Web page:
Light Bulb Database

Find the best light bulbs using criteria you find important. Desktop experience is recommended.

Learn more about the color quality aspects of lighting:

A light’s color temperature is essentially a description of how humans perceive the overall hue of a light source. The color of natural sunlight varies throughout the day, however, it hovers around 5700K for most of the day.

Some lights in our database differ greatly from the manufacturer’s stated CCT, we’ve included our measurements so that you know what you’re buying.

representation of color temperature from various lights

As evening and night roll around, low/no blue light sources with warm color temperatures are ideal, think <2200K.

We’ve included this metric for those looking for effective or ineffective circadian lighting.

CLA is a calculation of the light “postulated to represent the spectral sensitivity of the retinal mechanisms that generate neural signals reaching the human suprachiasmatic nuclei (SCN).”


In other words, the higher the CLA the more a light source is going to wake you up and suppress your melatonin.

This metric is relative and arbitrary and can only be used to compare lights in this database against one another.

Your individual sensitivity and distance to light sources will determine their effect on you.

If you’d like to learn more about how this works, you can read about it here on the CS 2.0 Calculator Documentation page.

CRI (Color Rendering Index)

CRI is a unit used to represent the ability of a light source to reflect the true colors of objects, compared to a natural light source, like the Sun.

It’s currently the most popular way of determining the color quality of an artificial light source and can be seen on many light bulb packages.

For CRI, a score of over 90 is considered good, however, I prefer to see over 95 for this metric.

image showing how apples might look under a CRI of 97, 90, and 80

A little dirt on CRI: CRI used to comprise only 8 colors. The average of these would be called the “Ra” or the average R-value. The CRI standard has since added 6 more colors, however, one of them, R9 (deep red) is more difficult to get high scores on. So most companies still only use the first 8 to calculate their “CRI score”.

We use an average of all 15 colors in our calculations, so the CRI score may be lower or higher than what is typically advertised for each light.

TM-30 (Rf and Rg)

TM-30 was created in 2015 and is a new alternative to the CRI standard.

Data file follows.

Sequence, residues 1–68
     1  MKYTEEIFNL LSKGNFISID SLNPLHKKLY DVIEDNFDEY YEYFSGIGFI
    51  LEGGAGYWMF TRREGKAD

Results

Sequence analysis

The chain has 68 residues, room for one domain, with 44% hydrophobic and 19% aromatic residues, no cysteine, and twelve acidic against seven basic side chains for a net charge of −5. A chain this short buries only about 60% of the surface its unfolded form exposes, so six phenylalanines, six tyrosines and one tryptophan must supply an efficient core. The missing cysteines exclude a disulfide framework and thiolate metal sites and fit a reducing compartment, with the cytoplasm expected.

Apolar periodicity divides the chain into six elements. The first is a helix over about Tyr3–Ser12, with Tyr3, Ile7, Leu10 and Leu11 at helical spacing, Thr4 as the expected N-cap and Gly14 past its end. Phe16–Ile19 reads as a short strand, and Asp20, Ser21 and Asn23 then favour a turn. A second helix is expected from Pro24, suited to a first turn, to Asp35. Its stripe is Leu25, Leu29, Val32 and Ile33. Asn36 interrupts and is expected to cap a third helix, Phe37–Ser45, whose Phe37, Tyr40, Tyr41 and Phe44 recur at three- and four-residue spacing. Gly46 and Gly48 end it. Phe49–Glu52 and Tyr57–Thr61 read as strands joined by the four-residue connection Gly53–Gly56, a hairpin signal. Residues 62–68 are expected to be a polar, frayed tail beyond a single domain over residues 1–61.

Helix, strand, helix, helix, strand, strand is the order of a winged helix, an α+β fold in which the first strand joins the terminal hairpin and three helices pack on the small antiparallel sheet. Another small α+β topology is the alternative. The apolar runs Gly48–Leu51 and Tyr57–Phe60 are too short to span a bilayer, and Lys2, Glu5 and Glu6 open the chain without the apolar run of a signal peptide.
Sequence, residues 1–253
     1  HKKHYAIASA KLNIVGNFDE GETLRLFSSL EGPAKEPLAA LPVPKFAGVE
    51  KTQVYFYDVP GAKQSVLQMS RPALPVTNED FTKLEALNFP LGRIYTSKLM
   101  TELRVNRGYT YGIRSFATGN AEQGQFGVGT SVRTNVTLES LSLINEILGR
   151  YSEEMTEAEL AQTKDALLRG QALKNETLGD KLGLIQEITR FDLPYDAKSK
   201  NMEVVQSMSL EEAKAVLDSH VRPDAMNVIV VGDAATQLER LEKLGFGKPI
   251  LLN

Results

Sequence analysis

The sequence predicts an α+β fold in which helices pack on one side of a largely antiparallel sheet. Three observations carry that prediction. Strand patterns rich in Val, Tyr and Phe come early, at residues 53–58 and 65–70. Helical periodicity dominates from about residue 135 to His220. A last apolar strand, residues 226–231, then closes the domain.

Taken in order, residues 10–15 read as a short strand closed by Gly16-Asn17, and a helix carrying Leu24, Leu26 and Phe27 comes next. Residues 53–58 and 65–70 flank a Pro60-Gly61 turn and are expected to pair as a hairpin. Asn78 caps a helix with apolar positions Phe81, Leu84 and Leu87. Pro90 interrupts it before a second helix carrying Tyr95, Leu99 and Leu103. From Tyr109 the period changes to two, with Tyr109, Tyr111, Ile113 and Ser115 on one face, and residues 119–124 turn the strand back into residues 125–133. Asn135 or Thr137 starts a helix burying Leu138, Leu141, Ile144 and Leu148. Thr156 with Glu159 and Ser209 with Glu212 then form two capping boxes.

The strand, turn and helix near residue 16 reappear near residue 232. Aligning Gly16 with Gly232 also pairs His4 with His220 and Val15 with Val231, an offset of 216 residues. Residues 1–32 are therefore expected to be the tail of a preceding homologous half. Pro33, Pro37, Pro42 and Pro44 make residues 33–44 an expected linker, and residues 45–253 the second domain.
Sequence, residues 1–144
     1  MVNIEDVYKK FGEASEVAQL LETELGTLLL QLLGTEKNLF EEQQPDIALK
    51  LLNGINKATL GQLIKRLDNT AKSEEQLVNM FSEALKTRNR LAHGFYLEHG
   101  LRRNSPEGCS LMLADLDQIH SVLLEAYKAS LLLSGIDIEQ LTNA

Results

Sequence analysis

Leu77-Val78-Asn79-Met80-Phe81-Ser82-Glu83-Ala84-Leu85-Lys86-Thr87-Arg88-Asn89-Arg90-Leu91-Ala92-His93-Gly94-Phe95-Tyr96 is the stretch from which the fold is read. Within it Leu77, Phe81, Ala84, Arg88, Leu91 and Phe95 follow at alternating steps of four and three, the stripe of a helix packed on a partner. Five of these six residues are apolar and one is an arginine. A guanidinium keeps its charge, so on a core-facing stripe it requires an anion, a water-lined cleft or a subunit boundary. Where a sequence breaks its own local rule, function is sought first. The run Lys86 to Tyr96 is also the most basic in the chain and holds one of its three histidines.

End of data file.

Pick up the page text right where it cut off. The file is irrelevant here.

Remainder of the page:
While CRI only measures 8 to 15 colors for its average score, TM-30 uses 99 total colors.

tm-30 color fidelity graph
TM-30 fidelity graph showing how well a light source reflects all 99 colors

The TM-30 gives us three important metrics:

  1. Rf or Fidelity: This is a number of 1 – 100 that measures the reflected light accuracy compared to a standard, similar to CRI.
  2. Rg or Gamut: This number shows how saturated a light source is on average. A number higher than 100 indicates it’s slightly over-saturated, while a number under 100 indicates under-saturation.
  3. Color Vector Graphic: Finally we get the CVG, which gives us a visual representation of color saturation.
a graphic explaining how to interpret a color vector graphic

If you’re at all concerned about how similar your light is to sunlight, the only current metric to measure this is the ASD unit developed by Bridgelux.

ASD measures how much a light source varies from a blackbody radiation curve of the same color temperature.

comparison of several lights against a 3000k black body curve

As you can see above, even though all the light sources are 3000K, the ASD percentage is higher for lights that are less similar to the black body curve.

The ASD metric should only be used to compare lights of the same color temperature.

If you’d like to read more, Bridgluxe’s ASD whitepaper is quite an informative read.

Almost all lights have an “invisible flicker”, if this bothers you, our database has lots of info to help you choose flicker-free lighting.

The flicker depth shows how much the brightness of a light source varies from its minimum brightness to its maximum brightness.

For example, a light source that varies from 100 lux to 80 lux, would have a flicker depth of 20%.

Generally speaking, we want this to be as low as possible, as sunlight doesn’t flicker at all.

The waveform graph actually shows you the flicker depth plotted on a 24 ms time slot.

waveform graph from an LED

Waveforms can vary dramatically from one light to the next.

It’s possible to associate headaches with certain types of waveforms, so if this is you, you can use this graph to decide which lights might irritate you and which might not.

This graph is based on the IEEE’s PAR1789 flicker standard.

While this standard isn’t perfect, it’s the best we’ve got right now.

This graph essentially takes the flicker frequency, seen in the waveform graph, and plots it against the flicker depth.

The idea here is that the lower the frequency and the higher the depth, the more likely a light source is to cause noticeable biological problems.

flicker risk graph from ieee

The Flicker index is a measurement that takes into account the areas above and under the light’s average output and calculates this as a number.

This gives us a good numerical value for how much time the light source spends away from the median brightness level.

diagram showing how the flicker index is calculated
Diagram illustrating how the flicker index is calculated.

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  • Lights Tested: 93
  • 3/20/2023: Version 1.0 Release! 🎉

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